Heat Treatments to Control Soil-Borne Pests
Gary W. Moorman, Professor of Plant Pathology
The objective of heat treatment of soil is to reduce the numbers of weeds, insects, and disease-causing organisms in the soil and thereby promote plant vigor, increase yield and quality and decrease the need to use pesticides later in the production cycle. Soil treatments complement good disease control but do not replace the use of disease-free seed, cuttings, and transplants nor lessen the need for proper sanitation practices. Equipment is available to generate steam or aerated steam in the field or steam generating facilities used to heat greenhouses or other structures can be modified to treat soil brought near the facility.
The best time to treat is in the fall while soil temperatures are above 55F (13C) at a 6 inch (15.2 cm) depth and soil moisture is 50-85% of field capacity. Wet soil reduces the effectiveness of treatment because heat does not penetrate well. On the other hand, pests in dry, cold soil are usually in a resting state very resistance to treatment.
General Procedure In Plant Beds
In the fall, disk or rototill the soil and allow some time for the organic debris to rot, usually at least 7-10 days. Soil moisture should be 50-85% of field capacity and soil temperature above 55°F (13°C) at a 6 inch depth (15.2 cm). Either inject the steam directly into the soil or cover the area with a canvas tarp and pipe the steam under the tarp.
General Procedures For Potting Soil
Soil should be on a surface that will allow the soil to be moved without recontaminating it with untreated soil (on a wooden, metal, asphalt or concrete surface or plastic tarp). The layer of soil must be no deeper than 6 inches (15.2 cm) at any point. Cover the pile with a canvas tarp and pipe the steam under the tarp.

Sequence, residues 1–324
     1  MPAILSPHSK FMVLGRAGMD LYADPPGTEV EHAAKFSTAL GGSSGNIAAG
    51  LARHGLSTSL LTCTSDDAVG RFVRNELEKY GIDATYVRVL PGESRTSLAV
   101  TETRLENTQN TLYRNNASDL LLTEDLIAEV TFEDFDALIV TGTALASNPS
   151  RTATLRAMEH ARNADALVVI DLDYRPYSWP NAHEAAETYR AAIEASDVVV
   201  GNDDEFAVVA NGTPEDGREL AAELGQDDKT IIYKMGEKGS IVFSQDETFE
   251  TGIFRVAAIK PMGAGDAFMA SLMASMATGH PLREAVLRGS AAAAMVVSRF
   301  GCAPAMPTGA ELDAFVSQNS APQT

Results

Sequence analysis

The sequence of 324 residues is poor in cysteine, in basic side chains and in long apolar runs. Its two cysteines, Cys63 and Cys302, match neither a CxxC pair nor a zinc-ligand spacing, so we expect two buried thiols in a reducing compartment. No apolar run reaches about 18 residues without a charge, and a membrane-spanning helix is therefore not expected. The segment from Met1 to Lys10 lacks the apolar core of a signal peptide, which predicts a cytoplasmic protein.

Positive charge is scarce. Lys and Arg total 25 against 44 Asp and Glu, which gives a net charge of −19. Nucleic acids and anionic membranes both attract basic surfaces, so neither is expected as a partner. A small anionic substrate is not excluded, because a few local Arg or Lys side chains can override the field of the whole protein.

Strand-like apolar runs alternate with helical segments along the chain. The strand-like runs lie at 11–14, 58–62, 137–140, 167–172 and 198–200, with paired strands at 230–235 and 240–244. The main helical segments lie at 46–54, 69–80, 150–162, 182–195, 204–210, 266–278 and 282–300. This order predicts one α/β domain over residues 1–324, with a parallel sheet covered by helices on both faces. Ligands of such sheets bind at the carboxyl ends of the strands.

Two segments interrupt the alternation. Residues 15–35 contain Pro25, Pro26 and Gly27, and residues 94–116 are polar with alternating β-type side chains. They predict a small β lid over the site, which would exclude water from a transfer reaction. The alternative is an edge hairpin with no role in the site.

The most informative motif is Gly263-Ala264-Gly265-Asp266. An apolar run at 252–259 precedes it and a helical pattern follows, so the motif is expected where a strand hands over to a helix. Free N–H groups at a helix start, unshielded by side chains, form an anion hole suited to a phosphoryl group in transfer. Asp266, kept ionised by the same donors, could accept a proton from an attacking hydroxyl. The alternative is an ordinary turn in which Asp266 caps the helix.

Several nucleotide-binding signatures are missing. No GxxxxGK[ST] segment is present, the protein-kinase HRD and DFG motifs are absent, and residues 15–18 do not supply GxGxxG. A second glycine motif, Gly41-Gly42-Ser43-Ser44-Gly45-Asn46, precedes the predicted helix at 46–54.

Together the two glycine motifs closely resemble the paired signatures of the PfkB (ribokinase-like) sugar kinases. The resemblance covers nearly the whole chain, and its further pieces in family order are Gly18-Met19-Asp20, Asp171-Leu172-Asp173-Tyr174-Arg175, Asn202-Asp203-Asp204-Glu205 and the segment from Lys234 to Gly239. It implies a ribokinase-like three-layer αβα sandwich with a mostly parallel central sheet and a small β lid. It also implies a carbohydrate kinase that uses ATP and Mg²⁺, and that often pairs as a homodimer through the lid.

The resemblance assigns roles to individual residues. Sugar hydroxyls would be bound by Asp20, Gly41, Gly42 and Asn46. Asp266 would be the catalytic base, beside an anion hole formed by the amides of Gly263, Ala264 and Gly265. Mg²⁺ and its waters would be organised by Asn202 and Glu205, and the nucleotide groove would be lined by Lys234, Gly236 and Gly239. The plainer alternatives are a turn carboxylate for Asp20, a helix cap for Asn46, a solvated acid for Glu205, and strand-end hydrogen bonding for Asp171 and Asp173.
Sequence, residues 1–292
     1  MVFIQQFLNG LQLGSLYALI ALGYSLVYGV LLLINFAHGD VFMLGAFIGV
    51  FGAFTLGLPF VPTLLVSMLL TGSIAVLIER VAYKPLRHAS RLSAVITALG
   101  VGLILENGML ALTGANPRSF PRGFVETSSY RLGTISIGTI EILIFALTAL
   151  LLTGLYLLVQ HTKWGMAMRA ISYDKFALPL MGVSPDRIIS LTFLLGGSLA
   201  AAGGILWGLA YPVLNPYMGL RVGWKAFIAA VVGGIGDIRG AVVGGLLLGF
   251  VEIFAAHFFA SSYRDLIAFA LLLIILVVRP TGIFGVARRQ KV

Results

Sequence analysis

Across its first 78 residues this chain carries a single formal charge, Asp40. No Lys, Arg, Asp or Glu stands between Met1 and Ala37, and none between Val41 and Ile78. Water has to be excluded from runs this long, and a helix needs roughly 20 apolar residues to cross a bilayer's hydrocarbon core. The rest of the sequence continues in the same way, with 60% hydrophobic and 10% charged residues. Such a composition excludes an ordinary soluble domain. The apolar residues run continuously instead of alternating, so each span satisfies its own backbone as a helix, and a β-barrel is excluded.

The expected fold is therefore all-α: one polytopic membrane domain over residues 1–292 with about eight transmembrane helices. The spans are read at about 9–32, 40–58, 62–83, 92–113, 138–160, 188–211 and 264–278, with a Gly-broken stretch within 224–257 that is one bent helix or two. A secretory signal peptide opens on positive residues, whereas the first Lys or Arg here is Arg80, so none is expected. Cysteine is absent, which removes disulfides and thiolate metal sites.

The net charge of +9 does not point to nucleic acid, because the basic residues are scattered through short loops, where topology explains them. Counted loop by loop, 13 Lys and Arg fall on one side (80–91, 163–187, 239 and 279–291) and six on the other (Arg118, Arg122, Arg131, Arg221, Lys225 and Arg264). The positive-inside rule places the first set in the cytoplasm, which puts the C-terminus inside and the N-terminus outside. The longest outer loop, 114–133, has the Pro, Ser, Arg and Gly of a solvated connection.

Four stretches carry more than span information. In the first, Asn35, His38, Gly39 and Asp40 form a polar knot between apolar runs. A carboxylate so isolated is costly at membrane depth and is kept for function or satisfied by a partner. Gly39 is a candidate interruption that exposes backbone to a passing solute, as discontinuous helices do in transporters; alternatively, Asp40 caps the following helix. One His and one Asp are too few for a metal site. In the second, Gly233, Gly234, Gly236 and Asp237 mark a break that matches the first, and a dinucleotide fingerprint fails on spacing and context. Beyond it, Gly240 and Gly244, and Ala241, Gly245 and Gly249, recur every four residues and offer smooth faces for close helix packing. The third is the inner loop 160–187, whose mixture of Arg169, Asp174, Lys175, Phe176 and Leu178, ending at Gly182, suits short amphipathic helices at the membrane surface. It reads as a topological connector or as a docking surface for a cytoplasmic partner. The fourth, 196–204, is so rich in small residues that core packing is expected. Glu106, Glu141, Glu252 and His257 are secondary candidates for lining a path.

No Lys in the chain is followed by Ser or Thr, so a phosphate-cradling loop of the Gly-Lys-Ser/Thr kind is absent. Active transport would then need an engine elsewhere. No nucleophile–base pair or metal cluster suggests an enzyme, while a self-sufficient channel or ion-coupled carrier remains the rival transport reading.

Monitoring The Temperature
Place a thermometer near the edge of the area or pile to be treated and another in an area away from the edge but close enough to be able to be read as the heating continues. Once the desired temperature is reached on the edge (where heat will be lost quickest) and within the area treated, THEN begin timing the treatment .
Pests inadvertently added to treated soil have no competition and may cause more damage than they normally could in untreated soil. Disinfest all tools, flats, and equipment that will be used to handle the treated soil. Do not walk or drive on treated soil.
|Steam||Heat to 180-200°F for 30 min.|
|Aerated steam||Heat all soil to 165°F for 30 min.|
|Dry heat||Heat all soil to 180-200°F for 30 min.|
Notice: The user of this information assumes all risks for personal injury or property damage.
Warning! Pesticides are poisonous. Read and follow all directions and safety precautions on labels. Handle carefully and store in original labeled containers out of the reach of children, pets, and livestock. Dispose of empty containers right away, in a safe manner and place. Do not contaminate forage, streams or ponds.
Issued in furtherance of Cooperative Extension work, Acts of Congress, May 8 and June 30, 1914, in cooperation with the U. S. Department of Penn State College of Agricultural Sciences research and extension programs are funded in part by Pennsylvania counties, the Commonwealth of Pennsylvania, and the U.S. Department of Agriculture.
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